An aide to shadow Labour minister Laura Pidcock called it “really unfair” that journalists asked the high-profile politician about anti-Semitism instead of a festival celebrating working class history.
Ben Sellers, head of office for the North West Durham MP, was caught on camera complaining to a Sky News journalist about an interview which focused on the ongoing anti-Semitism crisis facing the party, with Pidcock agreeing the questions had been “unfair”.
Sellers said the journalist instead should have asked about the Durham miners’ gala, where 100,000 people are gathering to hear Pidcock and Labour leader Jeremy Corbyn speak.
During the interview, Pidcock was repeatedly asked to defend Corbyn’s handling of anti-Semitism complaints.
It comes after a BBC Panorama investigation exposed that the party asked staff dealing with allegations of Jew hatred made against members to sign non-disclosure agreements.
It was also claimed that the party’s general secretary Jennie Formby deleted emails and may have interfered in the complaints process - something which she strongly denies.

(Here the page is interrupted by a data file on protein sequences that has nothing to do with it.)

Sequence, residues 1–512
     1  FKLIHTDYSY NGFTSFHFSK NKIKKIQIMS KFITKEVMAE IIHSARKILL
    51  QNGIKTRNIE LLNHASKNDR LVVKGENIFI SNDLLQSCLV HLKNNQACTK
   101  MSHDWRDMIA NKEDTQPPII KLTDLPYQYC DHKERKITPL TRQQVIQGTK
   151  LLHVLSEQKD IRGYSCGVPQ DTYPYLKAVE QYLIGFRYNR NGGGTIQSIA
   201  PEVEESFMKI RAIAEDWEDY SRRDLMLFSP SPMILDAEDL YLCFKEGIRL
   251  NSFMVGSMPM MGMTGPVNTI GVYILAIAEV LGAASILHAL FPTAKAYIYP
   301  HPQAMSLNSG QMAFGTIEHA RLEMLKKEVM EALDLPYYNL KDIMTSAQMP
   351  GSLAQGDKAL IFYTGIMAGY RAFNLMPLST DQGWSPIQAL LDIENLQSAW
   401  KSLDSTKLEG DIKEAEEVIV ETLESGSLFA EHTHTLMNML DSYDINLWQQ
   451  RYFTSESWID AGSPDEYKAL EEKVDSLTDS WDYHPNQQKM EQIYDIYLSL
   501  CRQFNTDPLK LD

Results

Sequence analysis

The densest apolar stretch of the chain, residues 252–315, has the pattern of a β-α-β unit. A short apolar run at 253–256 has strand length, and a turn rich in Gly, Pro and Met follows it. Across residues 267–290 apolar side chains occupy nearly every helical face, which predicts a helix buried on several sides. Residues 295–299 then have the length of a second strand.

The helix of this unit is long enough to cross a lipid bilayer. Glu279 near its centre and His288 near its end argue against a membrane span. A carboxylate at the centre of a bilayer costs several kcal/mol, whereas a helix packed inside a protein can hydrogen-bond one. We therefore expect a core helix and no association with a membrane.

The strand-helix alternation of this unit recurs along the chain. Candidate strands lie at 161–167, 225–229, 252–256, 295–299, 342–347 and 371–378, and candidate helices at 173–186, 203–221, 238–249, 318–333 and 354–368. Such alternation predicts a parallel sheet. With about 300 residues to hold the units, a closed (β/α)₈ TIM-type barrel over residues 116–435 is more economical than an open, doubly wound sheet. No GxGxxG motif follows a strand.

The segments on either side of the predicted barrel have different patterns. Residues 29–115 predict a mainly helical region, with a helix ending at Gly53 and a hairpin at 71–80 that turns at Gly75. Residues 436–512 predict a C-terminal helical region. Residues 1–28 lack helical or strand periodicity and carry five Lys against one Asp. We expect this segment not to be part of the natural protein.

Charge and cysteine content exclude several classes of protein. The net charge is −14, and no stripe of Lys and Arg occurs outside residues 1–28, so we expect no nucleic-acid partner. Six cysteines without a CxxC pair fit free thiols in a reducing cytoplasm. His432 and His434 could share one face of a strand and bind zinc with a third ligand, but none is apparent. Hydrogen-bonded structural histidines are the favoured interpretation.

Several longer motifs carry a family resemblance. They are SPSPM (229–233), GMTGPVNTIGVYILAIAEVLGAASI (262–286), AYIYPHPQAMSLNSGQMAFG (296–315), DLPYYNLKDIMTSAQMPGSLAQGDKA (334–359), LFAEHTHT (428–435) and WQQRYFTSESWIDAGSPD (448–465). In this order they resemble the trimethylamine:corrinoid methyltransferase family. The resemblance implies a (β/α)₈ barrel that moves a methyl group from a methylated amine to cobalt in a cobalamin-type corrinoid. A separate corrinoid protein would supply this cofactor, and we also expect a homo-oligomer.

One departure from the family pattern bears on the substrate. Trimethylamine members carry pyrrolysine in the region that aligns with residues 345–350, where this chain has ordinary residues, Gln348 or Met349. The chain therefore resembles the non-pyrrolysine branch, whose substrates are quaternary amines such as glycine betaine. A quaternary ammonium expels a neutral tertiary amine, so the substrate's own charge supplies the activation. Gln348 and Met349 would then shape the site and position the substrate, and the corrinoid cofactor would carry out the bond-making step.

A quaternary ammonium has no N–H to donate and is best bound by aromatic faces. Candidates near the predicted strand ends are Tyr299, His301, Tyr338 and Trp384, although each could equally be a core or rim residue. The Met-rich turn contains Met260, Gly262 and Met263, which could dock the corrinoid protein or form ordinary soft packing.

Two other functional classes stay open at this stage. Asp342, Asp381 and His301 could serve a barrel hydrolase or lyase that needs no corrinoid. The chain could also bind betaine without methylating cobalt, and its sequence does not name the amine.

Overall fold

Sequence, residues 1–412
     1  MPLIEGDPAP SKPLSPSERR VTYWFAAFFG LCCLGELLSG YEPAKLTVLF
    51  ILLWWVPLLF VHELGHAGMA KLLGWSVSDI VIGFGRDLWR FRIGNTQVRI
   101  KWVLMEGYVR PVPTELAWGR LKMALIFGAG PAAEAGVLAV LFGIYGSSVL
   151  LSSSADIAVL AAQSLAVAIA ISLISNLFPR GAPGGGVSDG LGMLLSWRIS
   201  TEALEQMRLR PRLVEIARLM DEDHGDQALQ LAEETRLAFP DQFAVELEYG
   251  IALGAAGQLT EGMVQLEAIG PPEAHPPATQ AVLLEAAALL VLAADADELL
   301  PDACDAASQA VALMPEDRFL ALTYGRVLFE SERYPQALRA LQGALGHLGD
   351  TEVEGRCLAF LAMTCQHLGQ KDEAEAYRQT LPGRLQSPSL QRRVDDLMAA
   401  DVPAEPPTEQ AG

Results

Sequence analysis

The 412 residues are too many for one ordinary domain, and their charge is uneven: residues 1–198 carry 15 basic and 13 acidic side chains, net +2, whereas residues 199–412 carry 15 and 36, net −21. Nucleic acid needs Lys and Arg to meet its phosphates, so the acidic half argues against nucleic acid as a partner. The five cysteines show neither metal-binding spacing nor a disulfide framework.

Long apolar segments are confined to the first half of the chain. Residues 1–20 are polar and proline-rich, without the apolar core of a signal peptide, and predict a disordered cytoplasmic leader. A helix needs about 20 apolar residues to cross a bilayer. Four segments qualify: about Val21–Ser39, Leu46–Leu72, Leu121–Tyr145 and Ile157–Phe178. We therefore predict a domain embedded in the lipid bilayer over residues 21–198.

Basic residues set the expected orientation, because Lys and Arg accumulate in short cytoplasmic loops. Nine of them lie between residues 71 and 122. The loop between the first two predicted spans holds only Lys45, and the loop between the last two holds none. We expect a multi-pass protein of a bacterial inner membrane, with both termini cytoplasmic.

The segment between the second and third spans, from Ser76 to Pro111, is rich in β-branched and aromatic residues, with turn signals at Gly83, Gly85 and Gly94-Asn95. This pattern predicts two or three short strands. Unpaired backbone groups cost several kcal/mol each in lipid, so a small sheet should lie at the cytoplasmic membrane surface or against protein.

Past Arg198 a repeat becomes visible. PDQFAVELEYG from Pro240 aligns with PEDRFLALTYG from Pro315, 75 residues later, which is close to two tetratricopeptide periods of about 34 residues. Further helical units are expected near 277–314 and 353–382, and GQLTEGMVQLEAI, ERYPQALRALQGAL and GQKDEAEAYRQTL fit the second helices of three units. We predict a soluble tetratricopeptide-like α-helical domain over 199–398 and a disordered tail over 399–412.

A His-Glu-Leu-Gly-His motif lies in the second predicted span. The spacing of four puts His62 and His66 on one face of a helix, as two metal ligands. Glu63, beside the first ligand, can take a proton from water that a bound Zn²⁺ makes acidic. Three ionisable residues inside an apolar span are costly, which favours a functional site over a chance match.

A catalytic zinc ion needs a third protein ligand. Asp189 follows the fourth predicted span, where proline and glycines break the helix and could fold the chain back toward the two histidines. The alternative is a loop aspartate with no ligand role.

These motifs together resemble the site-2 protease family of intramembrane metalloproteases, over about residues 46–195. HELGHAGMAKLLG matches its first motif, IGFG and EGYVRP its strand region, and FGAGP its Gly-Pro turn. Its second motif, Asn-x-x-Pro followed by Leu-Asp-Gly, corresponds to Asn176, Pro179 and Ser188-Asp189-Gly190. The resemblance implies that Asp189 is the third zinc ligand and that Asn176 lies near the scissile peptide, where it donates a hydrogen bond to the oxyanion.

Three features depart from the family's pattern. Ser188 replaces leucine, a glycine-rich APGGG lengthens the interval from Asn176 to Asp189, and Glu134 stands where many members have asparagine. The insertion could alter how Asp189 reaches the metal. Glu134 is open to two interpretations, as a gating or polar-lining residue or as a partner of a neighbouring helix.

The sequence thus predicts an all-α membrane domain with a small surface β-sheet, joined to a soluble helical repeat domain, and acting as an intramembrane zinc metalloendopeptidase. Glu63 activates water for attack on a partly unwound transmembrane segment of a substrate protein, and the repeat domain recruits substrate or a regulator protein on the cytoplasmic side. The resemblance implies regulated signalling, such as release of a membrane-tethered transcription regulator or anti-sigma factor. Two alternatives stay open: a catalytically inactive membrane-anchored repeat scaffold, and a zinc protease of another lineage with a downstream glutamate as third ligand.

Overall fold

The party’s leadership has also complained to the BBC about the investigation, claiming the programme showed bias against Labour.
Labour MP Wes Streeting hit out after the episode, telling his party colleagues to “get used to” media scrutiny and to stop attacking journalists.
Labour leader Jeremy Corbyn has said there were “many, many, inaccuracies” in the BBC Panorama documentary about anti-Semitism in the party.
Corbyn said the programme adopted a “pre-determined position” before it was aired earlier this week.
Speaking during a visit to the Durham Miners’ Gala, Corbyn said: “I watched the programme and I felt there were many, many inaccuracies in the programme.
“The programme adopted a pre-determined position on its own website before it was broadcast.
“We’ve made very clear what our processes are.
“Our party members do have the right to be heard if they’re accused of anything and our party staff have a right to be supported and they are supported.”
He added: “Anti-Semitism is a poison, it is vile, it is wrong. It is a poison in our society and any other society.
“It is not acceptable in any form.”
Labour’s bitter row over anti-Semitism further intensified this week with attacks on Tom Watson, and Diane Abbott highlighting a call for his resignation.
Shadow home secretary Abbott retweeted a series of critical remarks about the deputy leader, including one questioning his position.
The diatribes came after Watson ramped up pressure on the party over its handling of anti-Semitism in the wake of the damning BBC Panorama documentary.